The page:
Benefits for jobless revisited
OLYMPIA – Two years after sharply cutting unemployment benefits for many seasonal workers, the state House of Representatives voted Friday to reverse course, saying that the changes were too harsh for many families.
“Yes, it’s April Fools’ Day. And what more appropriate day to correct a foolish mistake we made two years ago,” said Rep. Geoff Simpson, D-Covington.
Because of the reduced benefits, Democrats said that many seasonal workers’ families are turning to food banks and struggling to hold on to their homes.
Republicans countered that Washington’s unemployment insurance system was never intended to be a welfare system for people who choose to work in seasonal jobs. The state’s unemployment benefits – among the most generous in the nation – are being abused by many people, some lawmakers said.
“You can work all summer and snowboard all winter,” said Rep. Cary Condotta, R-East Wenatchee.
He predicted that the change, which must still be approved by the Senate and governor, will end up bankrupting the unemployment insurance system.
Rep. Jim Buck said that seasonal workers make up a small portion of the state’s work force.
“The other 86 percent of us that work full time, all the time, are subsidizing these people,” said Buck, R-Joyce.
The bill amends a controversial late-night compromise in 2002, when Republicans and some Democrats, including Gov. Gary Locke, joined forces to overhaul the state’s unemployment insurance system. Businesses – particularly the Olympia heavyweight Boeing – had complained for years that the system was unfairly burdensome for many employers.
The reforms included a controversial change in how a worker’s unemployment check is calculated. For years, a worker’s benefit had been based on the worker’s two highest-paid quarters of the year. So a construction worker who made $20,000 in the spring and summer and nothing in the fall and winter would get the same unemployment benefits as someone who made $40,000 working year-round.
The 2002 bill, passed over furious objections from organized labor and some liberal Democrats, phased in a new formula, so that benefits are now based on pay for the previous entire year.
The new calculation is a drastic change for seasonal workers, who work part of the year and rely on unemployment insurance to get them through the off-season. Farmworkers, construction crews, forest fire fighters and part-time community college faculty all saw their unemployment benefits drop sharply, Democrats said Friday.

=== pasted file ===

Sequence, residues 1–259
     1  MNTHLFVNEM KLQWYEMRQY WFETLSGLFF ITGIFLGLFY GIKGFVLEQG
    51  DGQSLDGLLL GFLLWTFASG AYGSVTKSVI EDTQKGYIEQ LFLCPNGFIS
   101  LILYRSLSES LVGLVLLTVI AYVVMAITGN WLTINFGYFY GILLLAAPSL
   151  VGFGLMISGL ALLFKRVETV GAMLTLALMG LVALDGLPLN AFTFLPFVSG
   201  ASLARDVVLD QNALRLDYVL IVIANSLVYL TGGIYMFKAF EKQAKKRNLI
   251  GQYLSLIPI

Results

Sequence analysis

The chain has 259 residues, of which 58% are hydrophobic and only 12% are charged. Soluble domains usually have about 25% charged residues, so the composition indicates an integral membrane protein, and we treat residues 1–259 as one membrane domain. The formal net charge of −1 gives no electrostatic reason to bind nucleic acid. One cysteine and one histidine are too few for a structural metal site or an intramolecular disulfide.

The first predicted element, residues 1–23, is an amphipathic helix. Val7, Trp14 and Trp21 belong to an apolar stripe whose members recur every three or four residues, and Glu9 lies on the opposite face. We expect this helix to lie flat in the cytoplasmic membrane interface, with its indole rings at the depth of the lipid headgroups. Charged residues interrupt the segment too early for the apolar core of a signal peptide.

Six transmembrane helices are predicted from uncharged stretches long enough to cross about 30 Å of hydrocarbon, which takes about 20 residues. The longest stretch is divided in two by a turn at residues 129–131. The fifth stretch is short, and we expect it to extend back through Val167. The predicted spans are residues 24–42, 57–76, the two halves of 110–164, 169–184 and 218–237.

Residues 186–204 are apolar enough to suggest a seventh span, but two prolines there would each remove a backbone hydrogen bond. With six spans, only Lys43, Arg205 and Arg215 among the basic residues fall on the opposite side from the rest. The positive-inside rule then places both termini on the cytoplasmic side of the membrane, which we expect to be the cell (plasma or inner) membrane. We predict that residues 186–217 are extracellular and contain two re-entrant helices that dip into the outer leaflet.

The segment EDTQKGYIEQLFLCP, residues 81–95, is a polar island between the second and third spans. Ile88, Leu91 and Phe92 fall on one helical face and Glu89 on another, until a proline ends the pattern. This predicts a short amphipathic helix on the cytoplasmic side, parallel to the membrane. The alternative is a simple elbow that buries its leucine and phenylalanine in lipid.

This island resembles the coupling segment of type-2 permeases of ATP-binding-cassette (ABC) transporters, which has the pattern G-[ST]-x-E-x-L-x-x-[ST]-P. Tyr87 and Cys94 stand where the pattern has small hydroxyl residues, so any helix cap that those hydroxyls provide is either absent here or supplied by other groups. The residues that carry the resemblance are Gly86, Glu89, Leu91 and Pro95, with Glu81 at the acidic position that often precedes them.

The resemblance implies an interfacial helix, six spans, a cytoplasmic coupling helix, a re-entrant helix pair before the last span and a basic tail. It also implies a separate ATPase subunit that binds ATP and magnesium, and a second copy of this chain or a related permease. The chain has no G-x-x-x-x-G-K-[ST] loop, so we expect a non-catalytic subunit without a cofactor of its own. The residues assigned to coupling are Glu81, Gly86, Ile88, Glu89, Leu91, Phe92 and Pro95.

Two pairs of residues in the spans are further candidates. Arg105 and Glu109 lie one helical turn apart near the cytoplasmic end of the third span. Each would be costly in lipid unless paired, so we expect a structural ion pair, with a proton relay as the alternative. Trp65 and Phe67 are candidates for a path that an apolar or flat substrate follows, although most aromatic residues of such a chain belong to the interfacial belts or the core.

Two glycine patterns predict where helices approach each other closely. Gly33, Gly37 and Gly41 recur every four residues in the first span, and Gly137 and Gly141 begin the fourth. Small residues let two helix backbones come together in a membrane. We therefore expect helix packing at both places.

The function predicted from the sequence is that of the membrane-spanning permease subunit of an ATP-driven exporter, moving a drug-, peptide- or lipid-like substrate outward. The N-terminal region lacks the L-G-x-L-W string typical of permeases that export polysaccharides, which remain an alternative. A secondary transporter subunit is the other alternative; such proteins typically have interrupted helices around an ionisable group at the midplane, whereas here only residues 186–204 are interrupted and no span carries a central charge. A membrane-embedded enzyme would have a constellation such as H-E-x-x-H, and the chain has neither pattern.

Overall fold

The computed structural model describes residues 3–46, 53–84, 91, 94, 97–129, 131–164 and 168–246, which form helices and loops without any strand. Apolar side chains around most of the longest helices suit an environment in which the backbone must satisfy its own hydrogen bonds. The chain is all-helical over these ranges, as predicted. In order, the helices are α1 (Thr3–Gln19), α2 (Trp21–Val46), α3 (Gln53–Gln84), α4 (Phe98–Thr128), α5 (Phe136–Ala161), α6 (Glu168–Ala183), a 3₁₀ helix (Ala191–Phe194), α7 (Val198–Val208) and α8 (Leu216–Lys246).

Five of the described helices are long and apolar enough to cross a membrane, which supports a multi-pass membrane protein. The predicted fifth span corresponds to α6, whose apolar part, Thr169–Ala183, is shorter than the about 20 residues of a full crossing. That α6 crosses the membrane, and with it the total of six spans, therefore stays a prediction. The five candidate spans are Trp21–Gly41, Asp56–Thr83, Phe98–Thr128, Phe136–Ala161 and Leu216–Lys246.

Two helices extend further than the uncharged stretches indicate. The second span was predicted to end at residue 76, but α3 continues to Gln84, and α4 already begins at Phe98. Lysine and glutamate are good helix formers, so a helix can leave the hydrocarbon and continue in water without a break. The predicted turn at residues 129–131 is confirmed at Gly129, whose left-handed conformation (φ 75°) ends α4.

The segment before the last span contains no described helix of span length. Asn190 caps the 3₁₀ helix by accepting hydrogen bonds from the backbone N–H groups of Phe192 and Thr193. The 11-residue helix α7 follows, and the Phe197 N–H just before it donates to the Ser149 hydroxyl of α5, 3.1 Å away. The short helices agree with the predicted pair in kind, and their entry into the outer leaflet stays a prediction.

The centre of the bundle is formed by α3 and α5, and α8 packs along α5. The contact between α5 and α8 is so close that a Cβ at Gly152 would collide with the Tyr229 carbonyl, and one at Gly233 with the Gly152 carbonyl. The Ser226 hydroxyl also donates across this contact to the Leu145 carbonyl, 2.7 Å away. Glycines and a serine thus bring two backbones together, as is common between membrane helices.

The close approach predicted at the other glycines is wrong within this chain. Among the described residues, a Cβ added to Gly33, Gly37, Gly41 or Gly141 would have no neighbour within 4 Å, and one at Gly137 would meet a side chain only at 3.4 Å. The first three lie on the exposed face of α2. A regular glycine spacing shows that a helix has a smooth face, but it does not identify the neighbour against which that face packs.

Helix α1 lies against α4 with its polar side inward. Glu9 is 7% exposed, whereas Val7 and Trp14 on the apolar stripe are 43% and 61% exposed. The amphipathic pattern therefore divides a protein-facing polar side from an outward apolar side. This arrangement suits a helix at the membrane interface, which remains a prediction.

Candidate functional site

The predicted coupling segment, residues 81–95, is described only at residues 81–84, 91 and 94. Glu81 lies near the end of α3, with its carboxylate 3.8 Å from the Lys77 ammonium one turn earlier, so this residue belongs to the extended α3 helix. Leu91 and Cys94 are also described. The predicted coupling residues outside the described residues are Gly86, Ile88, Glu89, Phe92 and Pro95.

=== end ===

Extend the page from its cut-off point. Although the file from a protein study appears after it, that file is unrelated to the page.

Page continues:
Rep. Timm Ormsby, D-Spokane, said he met a Yakima farmworker who is trying to support his family now on a check of $126 a week.
Rep. Joe McDermott, D-Seattle, told lawmakers about a construction worker struggling to get by.
“His wife’s wedding ring is currently in a pawnshop,” McDermott said, urging his colleagues to change the law “and put that ring back on his wife’s finger, where it belongs.”
The bill, EHB 2255, would revert to averaging a worker’s two highest-paid quarters. But it would only apply for the next two years, while lawmakers, labor and business hash out a longer-term fix. To pay for the change, benefits for everyone else will be reduced 4 percent. The bill also taps about $10 million in one-time federal money.
Boeing supports the change, although many of the state’s business groups don’t.
By undoing the much-touted reform within two years, many Republicans predicted, Washington is hurting its credibility with businesses that rely on predictability in such things as regulations, costs and tax incentives.
Rep. Toby Nixon, R-Kirkland, called the bill “a tax and regulatory whiplash” that could hurt the state’s economy for years. The best unemployment help, several Republicans said, is a job.
“Listen to that giant sucking sound of businesses going across the border to Idaho, Oregon or Montana,” Rep. John Ahern, R-Spokane, said. “This is not just a nail in the coffin of business. This is taking a sledgehammer and pounding a railroad spike into that coffin.”
Democrats responded that it does the economy little good if the state’s unemployment insurance rules are helping push families into homelessness and poverty.
“This is not charity. This is supporting our economy,” said Rep. Alex Wood, D-Spokane. “The money flows. This keeps people working. This keeps people spending.”
“It’s not April Fools’ for people who are losing their homes and losing their families,” said Rep. Dawn Morrell, D-Puyallup. “This just fixes a bill that went too far.”